Their billboard campaign is a perfect example of using the power of media for positive change…flipping the media message using the very same distribution channel to jam the mainstream media messaging frequency.
Why billboards as their media of choice?
” … Here in Salt Lake City, we have lots of billboards promoting breast enhancement, liposuction, eye lifts, laser hair removal … every “beauty enhancer” you can imagine paired with up-close images of idealized, digitally altered bodies at every turn. In fact, our home turf was very unfortunately named the “vainest city in the nation” by Forbes magazine. That sucks.
…”So one day, with the help of an off-handed Facebook status complaining about the prevalent beauty billboards on I-15 and encouraging FB friends who offered to donate $ to support our purchase of a POSITIVE billboard for women, we decided to do it!“
As a creative director, my critical eye went to the execution of the billboards though, wondering why they chose to show human beings at all instead of a bold graphic approach…
After all, if the billboards are meant to ‘represent’ then they’ll now need to layer in different ages/stages/diversity etc along with their primary message to “Take Back Beauty.” And they’re only showing ‘part’ of the human being as well…Their post explains,
“We’re making EYE contact, asking for attention to the truthfulness of these messages — not the looks of the girls/women holding the signs.”
As for the pink and purple colors of the Beauty Redefined logo flagging the ubiquitous gender stereotypes seemingly plucked out of Peggy Orenstein’s blog and best-selling book Cinderella Ate My Daughter: Dispatches from the frontlines of the new girlie-girl culture or Shaping Youth advisory board member Dr. Lyn Mikel Brown’s renowned Packaging Girlhood…it’s much like the purpose of the Spark Summit colors, reframing the conversation using the very hues and imagery ‘sold’ as ‘girlish’ in order to redefine girly.
Perhaps they’re using the colors that appeal to a critical marketing segment of young girls being impacted early and often by the ‘you are what you look like’ misguided media messaging of the masses, in a culture jamming “Wait, WHAT did that billboard just say?” deployment of a drive-by double-take.
And since a further lift of the digital curtain reveals someone in the family runs “Kite Media Works.com” and produced their site…(mom? dad? who’s the webmaster in the family?) it explains how they could really go to town leveraging media contacts beyond outdoor and transit ads to make some social media waves using marketing and branding prowess. (woohoo!)
Power to ‘em whatever works.
I’ll even take it a step further and do some dreamcasting, wishing we could do what this augmented reality project in Times Square did by replacing the billboards altogether and maybe even use the beauty of ART to paint over the landscape of the mind’s eye with a fresh palette of positive media messaging.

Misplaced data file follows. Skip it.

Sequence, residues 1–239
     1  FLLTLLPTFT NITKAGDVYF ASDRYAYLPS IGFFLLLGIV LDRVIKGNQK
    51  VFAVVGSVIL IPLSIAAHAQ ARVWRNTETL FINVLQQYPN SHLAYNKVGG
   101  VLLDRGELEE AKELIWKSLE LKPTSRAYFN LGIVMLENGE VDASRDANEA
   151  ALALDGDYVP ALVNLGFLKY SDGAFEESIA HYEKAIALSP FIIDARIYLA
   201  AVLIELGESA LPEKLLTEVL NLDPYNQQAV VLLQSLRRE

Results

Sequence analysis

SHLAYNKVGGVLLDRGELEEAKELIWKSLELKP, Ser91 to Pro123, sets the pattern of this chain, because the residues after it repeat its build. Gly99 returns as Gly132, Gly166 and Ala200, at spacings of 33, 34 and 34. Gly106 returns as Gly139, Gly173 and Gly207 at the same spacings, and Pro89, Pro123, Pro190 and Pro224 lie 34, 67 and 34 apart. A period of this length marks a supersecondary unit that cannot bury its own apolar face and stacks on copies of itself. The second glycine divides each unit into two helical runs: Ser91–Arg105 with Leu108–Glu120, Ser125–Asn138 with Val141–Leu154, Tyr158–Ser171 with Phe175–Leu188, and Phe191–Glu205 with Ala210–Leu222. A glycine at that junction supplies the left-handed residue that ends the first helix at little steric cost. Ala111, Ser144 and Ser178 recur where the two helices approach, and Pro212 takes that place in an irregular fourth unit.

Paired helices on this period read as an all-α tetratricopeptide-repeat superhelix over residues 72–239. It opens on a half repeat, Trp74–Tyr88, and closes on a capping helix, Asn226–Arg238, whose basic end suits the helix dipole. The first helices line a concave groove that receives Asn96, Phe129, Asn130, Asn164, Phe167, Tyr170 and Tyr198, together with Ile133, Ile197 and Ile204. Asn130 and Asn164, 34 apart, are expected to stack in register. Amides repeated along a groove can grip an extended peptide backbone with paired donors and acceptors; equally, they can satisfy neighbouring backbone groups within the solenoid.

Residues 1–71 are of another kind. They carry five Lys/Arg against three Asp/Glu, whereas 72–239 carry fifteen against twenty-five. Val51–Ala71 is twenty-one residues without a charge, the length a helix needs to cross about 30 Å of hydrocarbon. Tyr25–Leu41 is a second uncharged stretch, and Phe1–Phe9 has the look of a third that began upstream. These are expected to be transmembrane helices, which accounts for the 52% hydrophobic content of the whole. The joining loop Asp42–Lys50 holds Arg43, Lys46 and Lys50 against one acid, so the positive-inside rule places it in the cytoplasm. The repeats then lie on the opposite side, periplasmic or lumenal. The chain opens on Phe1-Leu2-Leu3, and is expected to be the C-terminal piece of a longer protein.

I could see a really fun conceptual campaign of ‘beauty over blight’ to elevate public art, seed a positive media message and counter-market the unhealthy media…Fun mental floss to nosh on…
What about piggybacking on a like-minded event such as Be Body Positive Day slated for Aug 7th worldwide, think about how cool it would be to augment all billboards with an over-arching message to marketers to knock it off and be accountable for the harm…
Picture one unified, electronic message beamed around the world for that one day using social media as the conduit…changing profiles pictures, avatars, Twitter streams etc in a clarion call to reclaim ‘our body, our SELVES’ from the media messaging…
We’re havin’ fun now talking back to the mythmakers!
I always think of Joe Kelly of Dads & Daughters who used poignant prose in a simple ‘relatable’ tidbit to serve up a policy bracer to corporate giants:
…“Picture your daughter in this ad (pose/stance/position)…if you wouldn’t want to see her there, don’t produce it.”
What was once a rogue wave or two of ‘over the top’ beauty mythology is now a tsunami doing damage with mass destruction.
Yep, it is way PAST time to reclaim beauty…Our bodies…Our souls. And above all, the hearts and minds of our children. Banzai.
Here’s hoping the Kite sisters’ message soars…
Related Resources/Shaping Youth
|Shaping Youth Is In the L.A. Times
Media Literacy Resources for Empowering Girls (Besides Shaping Youth, Dr.Robyn Silverman, AdProofing, PigtailPals.com, So Sexy So Soon, Respect Rx, Rachel Simmons.com, Rosalind Wiseman.com, The Girl Revolution, TrueChild, & other youth advocate blogs, see the list of resources on our sidebar e.g. aligned orgs like: About-Face, Daughters.com, Packaging Girlhood, Hardy Girls, Healthy Women etc.
Amy Jussel, Shaping Youth: More Recos & Must Reads
So Sexy So Soon: The New Sexualized Childhood and What Parents Can Do to Protect Their Kids Diane E. Levin and Jean Kilbourne
Packaging Girlhood: Rescuing Our Daughters from Marketers’ Schemes (Packaging Boyhood, Oct 2009; S.Y. Board Advisors)
Sharon Lamb and Lyn Mikel Brown
Sexual Teens, Sexual Media: Investigating Media’s Influence on Adolescent Sexuality Jane Brown et al (Eds)
APA Task Force on the Early Sexualization of Children (full 72pp pdf)
Girls Shape the Future: Study/Girls Inc: Early Predictors of Girls’ Adolescent Sexual Activity (summary: 8 pp pdf)